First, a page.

S&P Dow Jones Indices released the Case-Shiller U.S. National Home Price Index for July. The report indicates that house price appreciation continues.
The U.S. National Home Price Index rose at a seasonally adjusted annual growth rate of 5.7% in July, following the 4.4% rate of growth in June. The Home Price Index released by the Federal Housing Finance Agency (FHFA) confirmed both the increase and acceleration in house prices. According to the FHFA Home Price Index, house prices rose at a seasonally adjusted annual rate of 2.0% in July, faster than the 1.7% increase in June.
The dashed line in Figure 1 is the trend line, indicating the upward trend of home prices from 1991 to now. During the housing boom, home prices were above the trend line; during the housing bust, home prices dropped below the trend line. Currently, home prices moved along with the trend line and are slightly above it.
A previous blog post indicated that the increases in the market value of households’ real estate are contributing to an expansion in owners’ equity in real estate. Since buyers of new home are typically “trade-up buyers”, the equity in their current home can be used to finance the purchase of a new home. However, the shift in the composition of housing equity by age groups suggests that the expansion in housing equity may have a larger impact on home improvements.
In general, homeowners can be separated into two groups by the presence of a mortgage. The first group includes homeowners without mortgages, they own their home free and clear. Analysis by the Federal Reserve Bank of New York found that, “44% of total net housing wealth is held free and clear” and “properties owned free and clear tend to be held by older people — 64% of this wealth is held by people over 60 years of age, a figure which has held basically constant since 2005.”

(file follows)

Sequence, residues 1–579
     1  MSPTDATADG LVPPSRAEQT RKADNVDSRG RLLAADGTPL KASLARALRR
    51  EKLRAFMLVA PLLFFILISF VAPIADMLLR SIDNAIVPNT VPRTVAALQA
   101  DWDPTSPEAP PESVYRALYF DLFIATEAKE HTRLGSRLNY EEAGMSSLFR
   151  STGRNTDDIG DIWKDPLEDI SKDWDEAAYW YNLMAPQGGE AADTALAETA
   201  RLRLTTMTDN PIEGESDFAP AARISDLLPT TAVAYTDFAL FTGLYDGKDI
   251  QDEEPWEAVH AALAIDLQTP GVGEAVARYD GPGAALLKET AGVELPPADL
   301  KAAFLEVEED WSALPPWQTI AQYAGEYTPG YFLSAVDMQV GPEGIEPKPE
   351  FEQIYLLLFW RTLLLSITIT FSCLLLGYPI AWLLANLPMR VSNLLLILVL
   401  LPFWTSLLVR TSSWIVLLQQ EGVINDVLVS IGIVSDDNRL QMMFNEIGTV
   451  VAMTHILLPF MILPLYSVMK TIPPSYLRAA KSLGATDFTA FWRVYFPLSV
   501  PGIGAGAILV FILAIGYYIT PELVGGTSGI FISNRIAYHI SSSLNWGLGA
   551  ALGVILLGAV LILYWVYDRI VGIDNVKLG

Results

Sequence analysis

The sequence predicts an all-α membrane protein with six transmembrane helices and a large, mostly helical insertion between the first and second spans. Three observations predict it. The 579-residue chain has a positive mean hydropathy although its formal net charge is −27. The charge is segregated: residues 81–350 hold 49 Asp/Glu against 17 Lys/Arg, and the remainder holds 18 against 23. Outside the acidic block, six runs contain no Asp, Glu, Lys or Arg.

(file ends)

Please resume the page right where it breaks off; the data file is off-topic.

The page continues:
The second group is comprised of homeowners with mortgages. The analysis by the Federal Reserve Bank of New York pointed out that the majority of equity held in mortgaged homes resides in the hands of homeowners 60 and below. However, the figure below, adapted from the table produced by the Federal Reserve Bank of New York researchers, shows the change in the distribution of home equity in mortgaged homes over the last decade. Between 2006 and 2016, even though mortgaged homeowners 60 and below still hold the majority of home equity, the share of equity in mortgaged homes owned by those 60 and below has declined. In contrast, the equity in mortgaged homes held by owners above 60 has risen by 15 percentage points to 36% in 2016.
A back of the envelope calculation taking into account the share of owners’ equity held by those above 60 both in properties with no mortgage and mortgaged properties suggests that owners above 60 years of age hold 48% of housing equity. These owners may have a growing preference for aging-in-place as opposed to selling their current home and buying a new home. On the one hand, a greater preference for aging-in-place would lessen the likelihood that an owner 60 or above would use their home equity to purchase a new home, lowering both the existing home inventory levels and sales of new homes, and instead increase the possibility that the home equity would finance spending on home improvements.